When it comes to building more affordable housing, you can get creative with financing — or you can completely rethink the single-family home.
Eschewing traditional construction materials, a team in Newark, New Jersey, is building a three-family home out of 18 shipping containers on a vacant lot, an approach that’s becoming more popular in design circles.
“Tiny living” enthusiasts have been raving about container houses for years, but the trend has just moved stateside fairly recently. So far, models have ranged from high-end (and high-priced) extravagance to off-the-grid boxes at bargain prices. Development partners Cor10 Concepts and Community Asset Preservation Corporation (CAPC) are shooting for somewhere in between; they hope that their first dwelling, built in Newark’s historic Lincoln Park neighborhood, will jumpstart other forward-thinking design projects in the stagnant housing market.
The principal of the firm designing the container dwelling, Frederick Cooke of C+C Architecture, says he steered clear of some of the offbeat architecture features coming out of Europe: “It’s a little different here. As Americans, our living standards are different. One of the challenges we’ve faced in doing this has been creating a very typical floor plan for a traditional urban three-bedroom apartment and figure out how to make the containers work with that.”
(Credit: C+C Architecture)
The current floor plan of each apartment includes an open living room, dining room and kitchen space; three bedrooms and two bathrooms (including a master suite); and laundry in each unit. The floors will be made out of poured concrete; closed cell foam insulation will exceed current standards. Other sustainability measures include the structure’s base, which will be built on pile footings to allow for better rainwater absorption and an option for residents to install solar panels in the future.
Cooke says the firm started looking at repurposing shipping containers a few years back when they were re-designing their own Newark office. They weren’t able to pull the financing together in time, but have been exploring the idea of using containers for affordable housing ever since.
“The neighborhood has not seen a lot of for-sale housing in a number of years since the real estate crash,” says Jeff Crum of CAPC. The organization acquires vacant lots and abandoned properties with the aim of stabilizing communities like Lincoln Park. “We’re trying to reinvigorate the neighborhood and create homeownership opportunities.”
Cooke estimates a typical two-bedroom in Newark markets between $240,000 and $280,000. Cor10 Concepts and CAPC are projecting their sale prices to be 10 to 15 percent lower. Crum says that he’s hoping the house will market around the $200,000.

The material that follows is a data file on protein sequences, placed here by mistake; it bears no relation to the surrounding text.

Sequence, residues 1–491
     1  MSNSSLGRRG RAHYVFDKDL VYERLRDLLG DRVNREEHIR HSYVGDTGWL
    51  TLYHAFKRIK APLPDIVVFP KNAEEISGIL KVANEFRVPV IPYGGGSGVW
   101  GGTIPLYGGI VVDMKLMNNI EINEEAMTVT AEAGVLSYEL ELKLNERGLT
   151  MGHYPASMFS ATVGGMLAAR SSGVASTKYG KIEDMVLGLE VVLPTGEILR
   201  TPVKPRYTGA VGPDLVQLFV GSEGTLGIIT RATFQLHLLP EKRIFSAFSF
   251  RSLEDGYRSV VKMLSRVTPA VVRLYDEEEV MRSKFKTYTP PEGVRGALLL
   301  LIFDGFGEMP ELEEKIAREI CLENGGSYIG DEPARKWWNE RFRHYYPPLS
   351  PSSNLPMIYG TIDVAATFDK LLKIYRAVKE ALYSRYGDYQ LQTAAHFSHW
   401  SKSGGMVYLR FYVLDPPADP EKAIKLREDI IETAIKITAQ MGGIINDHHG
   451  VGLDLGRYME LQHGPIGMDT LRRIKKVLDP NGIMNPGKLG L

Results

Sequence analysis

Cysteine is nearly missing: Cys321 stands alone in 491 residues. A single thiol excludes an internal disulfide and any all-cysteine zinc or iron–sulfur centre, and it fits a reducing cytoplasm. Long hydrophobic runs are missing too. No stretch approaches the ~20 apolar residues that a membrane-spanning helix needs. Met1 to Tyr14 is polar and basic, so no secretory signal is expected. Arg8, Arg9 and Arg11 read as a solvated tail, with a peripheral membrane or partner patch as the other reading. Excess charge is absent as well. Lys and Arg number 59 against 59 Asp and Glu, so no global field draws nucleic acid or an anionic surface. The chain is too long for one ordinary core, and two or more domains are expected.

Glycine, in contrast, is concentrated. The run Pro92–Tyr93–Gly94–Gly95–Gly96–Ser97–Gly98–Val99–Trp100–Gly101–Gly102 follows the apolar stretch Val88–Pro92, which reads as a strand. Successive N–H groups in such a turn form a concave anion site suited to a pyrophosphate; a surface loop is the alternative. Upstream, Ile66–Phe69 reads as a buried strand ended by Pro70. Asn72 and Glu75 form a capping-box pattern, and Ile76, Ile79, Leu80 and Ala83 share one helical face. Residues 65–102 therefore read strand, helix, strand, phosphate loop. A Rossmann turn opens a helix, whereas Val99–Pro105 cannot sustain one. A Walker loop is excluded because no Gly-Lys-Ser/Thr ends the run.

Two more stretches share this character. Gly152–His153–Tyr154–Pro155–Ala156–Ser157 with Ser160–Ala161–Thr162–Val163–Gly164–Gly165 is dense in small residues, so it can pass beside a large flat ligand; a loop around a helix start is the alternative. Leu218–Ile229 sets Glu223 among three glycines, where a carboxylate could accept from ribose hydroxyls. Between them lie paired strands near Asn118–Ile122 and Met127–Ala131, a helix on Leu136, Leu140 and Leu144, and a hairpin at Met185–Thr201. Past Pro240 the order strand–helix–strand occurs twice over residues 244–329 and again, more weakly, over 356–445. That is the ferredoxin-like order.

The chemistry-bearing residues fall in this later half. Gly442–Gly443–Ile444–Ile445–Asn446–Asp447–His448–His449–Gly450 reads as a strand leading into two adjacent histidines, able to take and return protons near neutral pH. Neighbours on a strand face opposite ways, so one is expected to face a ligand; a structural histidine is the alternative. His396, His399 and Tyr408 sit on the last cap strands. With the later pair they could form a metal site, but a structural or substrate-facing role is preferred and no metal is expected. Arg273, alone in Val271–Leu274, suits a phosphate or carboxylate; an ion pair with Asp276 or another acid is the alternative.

“The problem with Newark isn’t that housing isn’t affordable, but the majority of it was created between 1880 and the 1930s and hasn’t been maintained for 40 years,” says Cooke. His firm also does these types of rehabs of older homes, but says that this is the “coolest” project in the two- to three-bedroom housing space that he’s helped to design. He’s hoping the building will be on the ground in two months and on the market by September.
The containers would be sourced locally, from the Port of Newark. “There are probably tens of thousands of empty containers around here, stacked everywhere,” says Cooke. He estimates the cost of a “one-trip” container to be around $2,000 — ones that have already made multiple ocean voyages may have already begun to rust.
(Credit: C+C Architecture)
Since the announcement of the Lincoln Park project, several interested groups have contacted C+C Architecture about exploring the possibility of shipping container facilities, including local community gardeners and a prison reentry organization.
The project would be one of a only a handful of shipping container homes in the Northeast. Two buildings have recently gone up in Williamsburg, Brooklyn and an apartment complex opened in Washington, D.C., last fall.
Crum says that he is hoping the design features will attract buyers from the creative class to Lincoln Park with the innovative design. “We think we’re pushing the envelope a little but with what we’re doing here, really trying to attract artists and people who might think about living in an urban environment as a cool and creative thing to do.”
The Equity Factor is made possible with the support of the Surdna Foundation.
Alexis Stephens was Next City’s 2014-2015 equitable cities fellow. She’s written about housing, pop culture, global music subcultures, and more for publications like Shelterforce, Rolling Stone, SPIN, and MTV Iggy. She has a B.A. in urban studies from Barnard College and an M.S. in historic preservation from the University of Pennsylvania.